The Worst Year in History to Be Alive

The Worst Year: The Volcanic Winter of 536

The most severe and prolonged episode of climatic cooling in the Northern Hemisphere in the last 2,000 years occurred in 536 AD and was known as the volcanic winter.

Causes of the Volcanic Winter

The volcanic winter was caused by an eruption that occurred in early AD 536 (or possibly late 535). It was believed to have taken place on various continents, but most contemporary accounts of the volcanic winter were from authors in Constantinople, the capital of the Eastern Roman Empire. The eruption ejected massive amounts of sulfate aerosols into the atmosphere, reducing the solar radiation reaching the Earth’s surface and cooling the atmosphere for several years.

Impact on the Environment

In March 536, Constantinople began experiencing darkened skies and cooler temperatures. Summer temperatures in 536 fell by as much as 2.5 degrees Celsius (4.5 Fahrenheit degrees) below normal in Europe. Another volcanic eruption in 539-540 caused summer temperatures to decline by as much as 2.7 degrees Celsius (4.9 Fahrenheit degrees) below normal. There was also evidence of another volcanic eruption in 547 which extended the cooler period.

Consequences of the Volcanic Winter

The volcanic eruptions caused crop failures and were accompanied by the Plague of Justinian, famine, and millions of deaths. The volcanic winter initiated the Late Antique Little Ice Age, which lasted from 536 to 560. Medieval scholar Michael McCormick wrote that 536 was the worst year in history to be alive, and it marked the beginning of one of the worst periods in history.

 

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Catastrophe: An Investigation into the Origins of Modern Civilization by David Keys
Catastrophe: An Investigation into the Origins of Modern Civilization by David Keys

The Phenomenon of 536 AD

Procopius’ Report

In AD 536, the Roman historian Procopius recorded in his report on the wars with the Vandals that the most dread portent took place. The sun gave forth its light without brightness, appearing like the sun in an eclipse, with the beams it shed not being clear.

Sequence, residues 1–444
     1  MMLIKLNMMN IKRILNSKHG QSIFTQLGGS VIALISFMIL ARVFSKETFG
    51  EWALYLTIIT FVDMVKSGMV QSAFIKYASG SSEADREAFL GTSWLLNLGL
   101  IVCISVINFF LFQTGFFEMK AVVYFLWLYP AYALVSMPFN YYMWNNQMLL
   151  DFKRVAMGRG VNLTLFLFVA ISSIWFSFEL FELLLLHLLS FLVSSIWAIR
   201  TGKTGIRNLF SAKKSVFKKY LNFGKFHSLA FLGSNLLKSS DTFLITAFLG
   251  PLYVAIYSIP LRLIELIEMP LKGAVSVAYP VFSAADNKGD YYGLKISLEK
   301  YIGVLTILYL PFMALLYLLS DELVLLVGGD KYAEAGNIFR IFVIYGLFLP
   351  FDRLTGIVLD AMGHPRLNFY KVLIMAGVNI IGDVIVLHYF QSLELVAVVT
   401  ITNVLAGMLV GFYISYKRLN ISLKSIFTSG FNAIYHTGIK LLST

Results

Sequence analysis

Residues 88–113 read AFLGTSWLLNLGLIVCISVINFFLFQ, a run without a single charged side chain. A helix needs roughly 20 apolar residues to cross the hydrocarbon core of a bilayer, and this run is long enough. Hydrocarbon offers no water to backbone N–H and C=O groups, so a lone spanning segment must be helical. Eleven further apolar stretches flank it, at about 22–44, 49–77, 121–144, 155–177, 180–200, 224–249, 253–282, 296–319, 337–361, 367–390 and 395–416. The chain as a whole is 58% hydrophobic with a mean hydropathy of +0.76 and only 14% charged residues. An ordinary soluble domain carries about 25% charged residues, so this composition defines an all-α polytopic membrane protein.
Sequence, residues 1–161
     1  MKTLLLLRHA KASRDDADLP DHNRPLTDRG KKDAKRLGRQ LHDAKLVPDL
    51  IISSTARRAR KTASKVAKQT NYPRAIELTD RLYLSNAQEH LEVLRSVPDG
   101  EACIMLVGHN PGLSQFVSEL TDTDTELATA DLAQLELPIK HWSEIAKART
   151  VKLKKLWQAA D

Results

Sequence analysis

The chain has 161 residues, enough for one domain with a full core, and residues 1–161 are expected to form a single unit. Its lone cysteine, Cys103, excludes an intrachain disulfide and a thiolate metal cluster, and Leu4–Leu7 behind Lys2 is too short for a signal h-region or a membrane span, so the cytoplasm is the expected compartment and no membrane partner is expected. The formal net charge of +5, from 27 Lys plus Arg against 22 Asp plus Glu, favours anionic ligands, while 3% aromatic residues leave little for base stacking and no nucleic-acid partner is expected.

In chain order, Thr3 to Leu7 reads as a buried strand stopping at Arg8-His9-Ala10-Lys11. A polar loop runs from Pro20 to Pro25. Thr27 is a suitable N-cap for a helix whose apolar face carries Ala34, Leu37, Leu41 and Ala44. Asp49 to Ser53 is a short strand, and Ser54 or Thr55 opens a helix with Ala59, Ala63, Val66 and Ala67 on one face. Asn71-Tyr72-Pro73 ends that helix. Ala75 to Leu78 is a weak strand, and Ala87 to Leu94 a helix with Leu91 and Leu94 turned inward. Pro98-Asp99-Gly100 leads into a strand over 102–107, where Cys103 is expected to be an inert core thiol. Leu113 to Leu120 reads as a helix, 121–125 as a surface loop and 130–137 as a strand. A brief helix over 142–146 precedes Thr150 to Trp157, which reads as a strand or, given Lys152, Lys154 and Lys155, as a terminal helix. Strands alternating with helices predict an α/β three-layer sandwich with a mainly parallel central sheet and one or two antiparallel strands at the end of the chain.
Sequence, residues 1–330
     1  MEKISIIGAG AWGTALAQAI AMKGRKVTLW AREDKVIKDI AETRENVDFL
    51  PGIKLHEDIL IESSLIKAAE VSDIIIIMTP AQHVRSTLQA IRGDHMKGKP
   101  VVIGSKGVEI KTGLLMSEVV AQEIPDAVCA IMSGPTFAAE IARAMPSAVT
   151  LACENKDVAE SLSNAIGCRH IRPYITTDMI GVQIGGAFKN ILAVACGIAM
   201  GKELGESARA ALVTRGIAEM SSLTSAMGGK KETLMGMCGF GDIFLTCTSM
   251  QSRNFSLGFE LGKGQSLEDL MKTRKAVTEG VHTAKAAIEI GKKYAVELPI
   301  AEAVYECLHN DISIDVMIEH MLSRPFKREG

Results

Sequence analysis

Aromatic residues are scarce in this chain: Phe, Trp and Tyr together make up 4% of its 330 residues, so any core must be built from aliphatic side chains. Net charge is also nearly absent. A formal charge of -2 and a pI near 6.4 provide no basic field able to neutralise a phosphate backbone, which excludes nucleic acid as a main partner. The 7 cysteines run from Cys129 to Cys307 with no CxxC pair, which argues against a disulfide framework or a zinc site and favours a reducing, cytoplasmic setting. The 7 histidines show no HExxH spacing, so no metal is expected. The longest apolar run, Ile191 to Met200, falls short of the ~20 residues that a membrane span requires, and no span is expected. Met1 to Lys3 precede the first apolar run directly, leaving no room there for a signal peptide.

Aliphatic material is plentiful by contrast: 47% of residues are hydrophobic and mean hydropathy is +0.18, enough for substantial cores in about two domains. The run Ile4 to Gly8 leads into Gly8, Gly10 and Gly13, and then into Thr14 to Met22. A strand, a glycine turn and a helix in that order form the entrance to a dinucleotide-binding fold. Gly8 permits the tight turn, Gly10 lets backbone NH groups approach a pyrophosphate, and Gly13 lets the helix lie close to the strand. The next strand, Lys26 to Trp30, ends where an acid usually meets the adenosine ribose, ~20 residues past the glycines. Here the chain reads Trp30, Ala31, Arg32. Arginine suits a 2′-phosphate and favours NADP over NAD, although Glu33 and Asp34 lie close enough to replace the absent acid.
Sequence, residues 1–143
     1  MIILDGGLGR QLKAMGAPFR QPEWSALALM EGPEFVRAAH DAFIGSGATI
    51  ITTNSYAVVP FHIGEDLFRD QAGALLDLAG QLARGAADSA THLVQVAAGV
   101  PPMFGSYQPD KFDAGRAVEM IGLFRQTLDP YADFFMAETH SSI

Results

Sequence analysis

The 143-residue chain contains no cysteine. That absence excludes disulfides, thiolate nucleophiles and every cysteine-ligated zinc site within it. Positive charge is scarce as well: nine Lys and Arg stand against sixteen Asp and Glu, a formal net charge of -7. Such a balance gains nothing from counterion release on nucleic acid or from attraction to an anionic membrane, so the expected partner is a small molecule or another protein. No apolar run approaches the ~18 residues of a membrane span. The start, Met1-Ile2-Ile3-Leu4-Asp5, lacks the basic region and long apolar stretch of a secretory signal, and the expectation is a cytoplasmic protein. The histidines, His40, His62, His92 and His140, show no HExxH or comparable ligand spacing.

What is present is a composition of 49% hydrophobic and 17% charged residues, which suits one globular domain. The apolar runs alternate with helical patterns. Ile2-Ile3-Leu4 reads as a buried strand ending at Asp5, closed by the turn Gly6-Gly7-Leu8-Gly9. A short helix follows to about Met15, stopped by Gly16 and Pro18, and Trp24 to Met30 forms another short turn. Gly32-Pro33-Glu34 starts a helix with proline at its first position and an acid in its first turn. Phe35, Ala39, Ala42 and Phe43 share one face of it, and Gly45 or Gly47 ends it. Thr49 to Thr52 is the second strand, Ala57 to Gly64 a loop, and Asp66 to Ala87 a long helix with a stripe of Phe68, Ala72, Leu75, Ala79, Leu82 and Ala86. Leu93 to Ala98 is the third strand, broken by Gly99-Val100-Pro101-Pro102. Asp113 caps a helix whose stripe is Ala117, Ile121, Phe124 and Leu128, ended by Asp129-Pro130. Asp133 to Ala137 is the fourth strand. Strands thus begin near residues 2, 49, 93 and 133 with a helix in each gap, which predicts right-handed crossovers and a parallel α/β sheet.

Cassiodorus’ Description

In 538, the Roman statesman Cassiodorus described the following to one of his subordinates in a letter:

  • The sun’s rays were weak, appearing a bluish color.
  • At noon, no shadows from people were visible on the ground.
  • The heat from the sun was feeble.
  • The moon was empty of splendor, even when full.
  • A winter without storms, a spring without mildness, and a summer without heat.
  • Prolonged frost and unseasonable drought.
  • The seasons seemed to be all jumbled up together.
  • The sky was described as blended with alien elements, stretched like a hide across the sky, and prevented the true colors of the sun and moon from being seen.
  • Frosts during harvest, making apples harden and grapes sour.
  • The need to use stored food to last through the situation.

Letters 26 and 27 discussed plans to relieve a widespread famine.

Michael the Syrian’s Report

Michael the Syrian, a patriarch of the Syriac Orthodox Church, reported that during 536-537, the sun shone feebly for a year and a half.

Irish Annals

The Gaelic Irish Annals recorded the following:

  • A failure of bread in AD 536 AD (Annals of Ulster)
  • A failure of bread from AD 536-539 (Annals of Inisfallen)
  • The Battle of Camlann, in which Arthur and Medraut fell, and there was great mortality in Britain and Ireland (Annales Cambriae)
Independent Contemporary Sources

Further phenomena were reported by independent contemporary sources:

  • Low temperatures, even snow during the summer (snow reportedly fell in August in China, causing the harvest to be delayed)
  • Widespread crop failures
  • A dense, dry fog in the Middle East, China, and Europe
  • Drought in Peru, affecting the Moche culture

The Causes of AD 536 Climatic Changes